Any action taken by your business needs a well-defined purpose behind it, and market research is no different. As such, it’s best to start this process by deciding exactly what you want to achieve from it. This could be anything from enhancing your brand to selling more products, or identifying key performance indicators that you want to improve on.
Once you’ve pinpointed your goal, you can use it to identify a particular problem area that needs to be solved - for instance, you may find that you have a lot of negative reviews online, a low conversion rate or a high churn rate. Ultimately, it’s good practice to decide on one, so that you can pull practical insights from the research.
Now that you’ve identified the exact pain point that you want to investigate, you’re in a good position to choose the right market research approach that will make your findings as useful as possible.
You can choose to collect primary and secondary research, and use a mixture of qualitative and quantitative research methods, depending on the data you need.
You can choose from the many research instruments available to you, like surveys, questionnaires, interviews, focus groups, and so forth.
Now that you know the issue to study and what method you are going to use, the next step is to narrow down the list of people you’ll contact to those that can provide you with the answers you need.
If, for instance, you’re worried about the number of negative reviews your products get online, you would naturally target new customers. Alternatively, if you’re looking to understand why a particular webpage isn’t converting enough people, you would then only focus on people that have navigated there.
This step may seem fairly clear cut most of the time, but thought here will ultimately dictate how useful the results actually are.
This is the key stage of market research, and involves (finally) putting all your planning into action - and using whatever research instruments that you selected earlier in the process.
You can of course get this work outsourced to a third-party company that specializes in market research, but if you do it in-house, you’ll need to ensure that the people responsible have a basic understanding of the techniques involved, and that they carry out the work diligently.
Once you’ve collected your market research, you’ll need to find some way to analyze it effectively. Practically, what this means is bringing together all the qualitative and quantitative data that you have collected, so that you can draw holistic insights from it.
This can be tricky if you’re pulling data from multiple sources, but website analytics tools like TWIPLA include a survey module that enables you to carry out market research, and integrate it together with the data collected elsewhere - simple!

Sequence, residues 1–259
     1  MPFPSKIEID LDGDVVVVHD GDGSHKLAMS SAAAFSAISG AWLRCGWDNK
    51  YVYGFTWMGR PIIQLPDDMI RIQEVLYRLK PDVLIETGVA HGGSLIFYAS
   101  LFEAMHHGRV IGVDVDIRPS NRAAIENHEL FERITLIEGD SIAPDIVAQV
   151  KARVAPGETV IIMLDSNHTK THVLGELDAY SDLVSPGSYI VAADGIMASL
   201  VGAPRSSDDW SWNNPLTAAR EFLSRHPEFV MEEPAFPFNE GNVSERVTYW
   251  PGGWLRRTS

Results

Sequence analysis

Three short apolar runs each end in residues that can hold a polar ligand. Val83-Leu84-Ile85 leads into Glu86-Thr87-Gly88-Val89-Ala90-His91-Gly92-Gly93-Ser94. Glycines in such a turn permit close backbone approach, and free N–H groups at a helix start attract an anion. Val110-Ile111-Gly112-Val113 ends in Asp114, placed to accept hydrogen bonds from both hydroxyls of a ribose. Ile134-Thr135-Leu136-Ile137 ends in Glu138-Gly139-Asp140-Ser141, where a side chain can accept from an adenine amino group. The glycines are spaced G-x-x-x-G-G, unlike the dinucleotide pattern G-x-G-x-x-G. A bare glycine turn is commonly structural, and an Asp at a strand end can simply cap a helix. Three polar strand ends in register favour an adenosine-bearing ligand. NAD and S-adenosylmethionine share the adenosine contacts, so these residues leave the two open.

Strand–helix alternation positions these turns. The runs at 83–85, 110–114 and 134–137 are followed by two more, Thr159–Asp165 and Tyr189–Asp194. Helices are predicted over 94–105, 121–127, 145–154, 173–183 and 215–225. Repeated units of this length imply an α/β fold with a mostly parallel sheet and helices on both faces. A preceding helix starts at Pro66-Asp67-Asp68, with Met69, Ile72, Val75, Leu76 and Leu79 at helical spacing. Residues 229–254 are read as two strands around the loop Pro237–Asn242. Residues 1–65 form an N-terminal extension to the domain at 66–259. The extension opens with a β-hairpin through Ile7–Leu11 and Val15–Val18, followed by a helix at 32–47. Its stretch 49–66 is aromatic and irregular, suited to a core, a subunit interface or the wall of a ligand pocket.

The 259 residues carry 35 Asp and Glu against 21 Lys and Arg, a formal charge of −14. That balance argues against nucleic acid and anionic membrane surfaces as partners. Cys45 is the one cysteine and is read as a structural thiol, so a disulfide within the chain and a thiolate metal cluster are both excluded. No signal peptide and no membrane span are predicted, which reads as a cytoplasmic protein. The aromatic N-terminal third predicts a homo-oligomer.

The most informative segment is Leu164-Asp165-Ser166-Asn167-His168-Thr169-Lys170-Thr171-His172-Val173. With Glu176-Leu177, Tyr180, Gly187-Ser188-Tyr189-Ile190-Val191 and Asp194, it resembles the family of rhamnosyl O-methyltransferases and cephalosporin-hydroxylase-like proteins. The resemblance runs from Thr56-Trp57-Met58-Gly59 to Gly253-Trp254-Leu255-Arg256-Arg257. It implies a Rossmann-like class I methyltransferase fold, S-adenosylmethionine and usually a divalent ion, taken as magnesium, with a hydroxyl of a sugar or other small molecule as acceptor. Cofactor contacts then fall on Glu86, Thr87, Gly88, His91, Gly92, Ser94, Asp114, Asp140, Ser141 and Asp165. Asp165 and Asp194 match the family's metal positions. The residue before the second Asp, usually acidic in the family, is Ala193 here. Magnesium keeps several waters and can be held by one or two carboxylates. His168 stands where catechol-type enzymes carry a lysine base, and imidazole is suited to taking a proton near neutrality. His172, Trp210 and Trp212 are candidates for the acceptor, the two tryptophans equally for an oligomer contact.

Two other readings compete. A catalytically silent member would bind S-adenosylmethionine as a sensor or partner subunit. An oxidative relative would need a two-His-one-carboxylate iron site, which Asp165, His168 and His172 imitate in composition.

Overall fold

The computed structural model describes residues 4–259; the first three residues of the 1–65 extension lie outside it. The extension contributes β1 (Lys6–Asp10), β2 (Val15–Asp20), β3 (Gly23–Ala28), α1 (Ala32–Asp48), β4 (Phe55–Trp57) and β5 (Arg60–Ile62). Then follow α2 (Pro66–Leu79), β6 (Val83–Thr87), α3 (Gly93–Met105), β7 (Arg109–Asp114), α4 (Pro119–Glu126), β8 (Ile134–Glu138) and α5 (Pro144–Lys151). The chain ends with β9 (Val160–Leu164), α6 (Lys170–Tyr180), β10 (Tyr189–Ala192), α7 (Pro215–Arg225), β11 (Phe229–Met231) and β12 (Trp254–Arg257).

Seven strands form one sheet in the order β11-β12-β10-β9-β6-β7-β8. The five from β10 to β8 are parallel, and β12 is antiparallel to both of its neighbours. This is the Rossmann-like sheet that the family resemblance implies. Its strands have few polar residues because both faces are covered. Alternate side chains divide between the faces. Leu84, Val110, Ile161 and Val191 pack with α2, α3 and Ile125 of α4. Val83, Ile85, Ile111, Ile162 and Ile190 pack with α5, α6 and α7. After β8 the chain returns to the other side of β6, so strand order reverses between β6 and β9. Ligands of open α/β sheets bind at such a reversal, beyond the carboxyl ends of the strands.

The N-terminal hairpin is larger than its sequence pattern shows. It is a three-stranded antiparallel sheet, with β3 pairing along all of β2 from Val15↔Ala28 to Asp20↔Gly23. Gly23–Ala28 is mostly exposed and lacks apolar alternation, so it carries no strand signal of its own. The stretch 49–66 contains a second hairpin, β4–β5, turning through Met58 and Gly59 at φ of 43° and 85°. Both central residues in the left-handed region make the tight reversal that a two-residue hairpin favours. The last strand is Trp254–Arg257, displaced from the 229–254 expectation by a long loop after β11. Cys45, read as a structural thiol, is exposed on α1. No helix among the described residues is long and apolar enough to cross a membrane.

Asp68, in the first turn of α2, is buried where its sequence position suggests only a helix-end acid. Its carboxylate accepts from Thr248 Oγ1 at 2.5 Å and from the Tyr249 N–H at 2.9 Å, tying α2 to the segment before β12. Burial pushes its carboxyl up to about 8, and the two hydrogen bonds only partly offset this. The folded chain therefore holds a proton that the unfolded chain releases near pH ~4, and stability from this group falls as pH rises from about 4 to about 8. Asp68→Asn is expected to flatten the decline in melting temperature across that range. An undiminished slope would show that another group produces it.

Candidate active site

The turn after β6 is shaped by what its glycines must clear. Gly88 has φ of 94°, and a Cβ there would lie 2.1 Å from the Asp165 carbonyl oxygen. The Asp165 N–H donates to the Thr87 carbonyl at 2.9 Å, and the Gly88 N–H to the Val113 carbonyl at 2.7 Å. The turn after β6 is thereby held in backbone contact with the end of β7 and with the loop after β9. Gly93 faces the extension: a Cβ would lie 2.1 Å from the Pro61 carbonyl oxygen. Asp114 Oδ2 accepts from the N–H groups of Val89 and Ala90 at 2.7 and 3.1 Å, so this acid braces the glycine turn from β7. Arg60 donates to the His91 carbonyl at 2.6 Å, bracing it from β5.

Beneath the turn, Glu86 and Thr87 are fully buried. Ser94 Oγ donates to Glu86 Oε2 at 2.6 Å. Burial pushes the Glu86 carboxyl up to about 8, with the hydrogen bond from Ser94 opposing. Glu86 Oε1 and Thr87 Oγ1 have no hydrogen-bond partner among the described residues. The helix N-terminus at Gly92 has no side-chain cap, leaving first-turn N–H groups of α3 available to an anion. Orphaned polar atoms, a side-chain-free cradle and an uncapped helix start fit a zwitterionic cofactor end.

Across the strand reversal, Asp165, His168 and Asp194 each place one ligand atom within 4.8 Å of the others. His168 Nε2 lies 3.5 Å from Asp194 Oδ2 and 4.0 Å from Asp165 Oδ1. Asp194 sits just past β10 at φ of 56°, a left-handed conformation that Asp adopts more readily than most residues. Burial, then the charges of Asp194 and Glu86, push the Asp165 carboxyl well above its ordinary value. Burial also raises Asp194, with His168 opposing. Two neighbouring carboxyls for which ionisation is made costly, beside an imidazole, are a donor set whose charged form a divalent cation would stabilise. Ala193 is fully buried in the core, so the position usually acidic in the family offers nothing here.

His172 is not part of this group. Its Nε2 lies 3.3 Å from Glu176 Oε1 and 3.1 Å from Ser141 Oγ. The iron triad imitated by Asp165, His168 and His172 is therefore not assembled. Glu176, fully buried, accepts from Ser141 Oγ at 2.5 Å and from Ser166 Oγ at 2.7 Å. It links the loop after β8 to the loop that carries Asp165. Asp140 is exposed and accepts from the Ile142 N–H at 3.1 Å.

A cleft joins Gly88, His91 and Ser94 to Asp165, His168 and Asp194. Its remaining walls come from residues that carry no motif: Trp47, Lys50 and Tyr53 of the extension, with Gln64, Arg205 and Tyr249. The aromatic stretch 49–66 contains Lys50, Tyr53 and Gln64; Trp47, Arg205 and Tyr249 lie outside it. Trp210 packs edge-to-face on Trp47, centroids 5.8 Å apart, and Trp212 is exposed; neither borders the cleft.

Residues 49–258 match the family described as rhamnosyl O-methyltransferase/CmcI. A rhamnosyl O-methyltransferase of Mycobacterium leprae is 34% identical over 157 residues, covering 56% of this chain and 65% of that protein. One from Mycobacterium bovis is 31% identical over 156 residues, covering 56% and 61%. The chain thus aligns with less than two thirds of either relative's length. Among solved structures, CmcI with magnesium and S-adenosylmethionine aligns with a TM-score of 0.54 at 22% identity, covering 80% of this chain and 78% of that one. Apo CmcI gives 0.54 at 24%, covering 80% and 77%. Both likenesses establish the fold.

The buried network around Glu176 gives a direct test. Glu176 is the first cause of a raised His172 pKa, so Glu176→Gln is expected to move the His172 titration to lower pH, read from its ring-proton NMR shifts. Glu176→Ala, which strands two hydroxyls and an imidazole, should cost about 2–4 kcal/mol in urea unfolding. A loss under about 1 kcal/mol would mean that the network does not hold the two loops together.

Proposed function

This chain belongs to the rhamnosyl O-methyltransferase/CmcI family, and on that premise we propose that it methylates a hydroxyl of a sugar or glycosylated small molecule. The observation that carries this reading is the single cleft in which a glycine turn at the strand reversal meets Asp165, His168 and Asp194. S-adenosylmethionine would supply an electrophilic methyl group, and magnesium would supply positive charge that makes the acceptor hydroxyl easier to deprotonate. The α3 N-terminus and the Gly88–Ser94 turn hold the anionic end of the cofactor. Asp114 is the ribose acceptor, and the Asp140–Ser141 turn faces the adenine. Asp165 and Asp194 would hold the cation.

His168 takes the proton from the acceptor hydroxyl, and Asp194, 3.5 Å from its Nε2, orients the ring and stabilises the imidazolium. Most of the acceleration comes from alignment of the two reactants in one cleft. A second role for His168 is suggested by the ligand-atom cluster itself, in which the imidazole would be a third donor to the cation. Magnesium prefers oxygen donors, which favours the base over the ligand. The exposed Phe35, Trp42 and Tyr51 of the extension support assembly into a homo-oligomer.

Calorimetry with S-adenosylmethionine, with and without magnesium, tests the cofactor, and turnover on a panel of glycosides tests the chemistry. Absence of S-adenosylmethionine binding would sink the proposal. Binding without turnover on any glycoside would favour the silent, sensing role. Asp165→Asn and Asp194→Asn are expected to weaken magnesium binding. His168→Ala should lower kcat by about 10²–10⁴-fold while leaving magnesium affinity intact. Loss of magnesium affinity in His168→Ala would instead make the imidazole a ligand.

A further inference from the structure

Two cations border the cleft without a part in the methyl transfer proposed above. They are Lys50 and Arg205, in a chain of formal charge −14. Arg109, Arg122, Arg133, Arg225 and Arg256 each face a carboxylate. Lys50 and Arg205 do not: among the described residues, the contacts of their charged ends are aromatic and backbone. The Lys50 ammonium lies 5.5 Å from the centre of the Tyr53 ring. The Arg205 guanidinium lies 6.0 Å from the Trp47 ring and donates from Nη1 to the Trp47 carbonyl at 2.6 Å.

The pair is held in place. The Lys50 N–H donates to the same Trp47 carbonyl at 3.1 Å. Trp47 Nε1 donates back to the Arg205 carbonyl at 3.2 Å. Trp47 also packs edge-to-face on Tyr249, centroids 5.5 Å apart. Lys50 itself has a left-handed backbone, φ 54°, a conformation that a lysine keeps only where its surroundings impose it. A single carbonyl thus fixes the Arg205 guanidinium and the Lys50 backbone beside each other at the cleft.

If you’ve carried out your market research process effectively, you should now have insights about customer behavior, preferences and concerns that you can then use to guide optimization work across your business.
That’s the seven key strategies of your market research process covered, but it’s important to remember that this is not a one-off activity that you can do and forget about.
Instead, market research should be done regularly, and incorporated into every area of your business, to ensure that the data that informs your business strategies remains as accurate as possible.
When conducting market research, there are some common questions that can help you get to know your audience and their perspective on your product. Here are some of the more common ones:
Unfortunately, there is no all-in-one solution that can help you conduct the entire market research, but each has its strengths. However, there’s still a wide range of options available to you, and we’ve run through four of the best below:
The Pew Research Center provides a big bunch of free market research resources that can help you study and analyze your target audience, and is a great platform for insights and industry reports regardless of the industry you operate in.
Answer the Public is a free platform that enables you to find what people are asking about online. Simply type in a word or topic, and it will provide you with insights that you can use across your business strategy.
Social Mention is a great tool to use as part of your social media strategy, since it enables you to quickly see the performance of keywords across social media platforms. You can see what’s trending, and can pull important insights from the performance of keywords related to your company.
Advanced website analytics platforms like our own TWIPLA include key website statistics as well as customer communication and visitor behavioral tools. This means that you can collect data from multiple channels, and store it all in one place - streamlining the market research process considerably.
Market research is crucial for any startup idea, since without proper research, even the best idea can tank quickly. Given this, it’s good practice to do market research for your startup before even writing the business plan.
Ultimately, market research for a startup idea isn’t much different from the seven-step market research process outlined above - except that you’d need to rely on secondary research since you won’t have any in-house data available yet.
The process of carrying out market research on a product is no different from any other such research, and has been shown time and time again to be one of the most effective ways to improve products - from the perspective of the people who want them.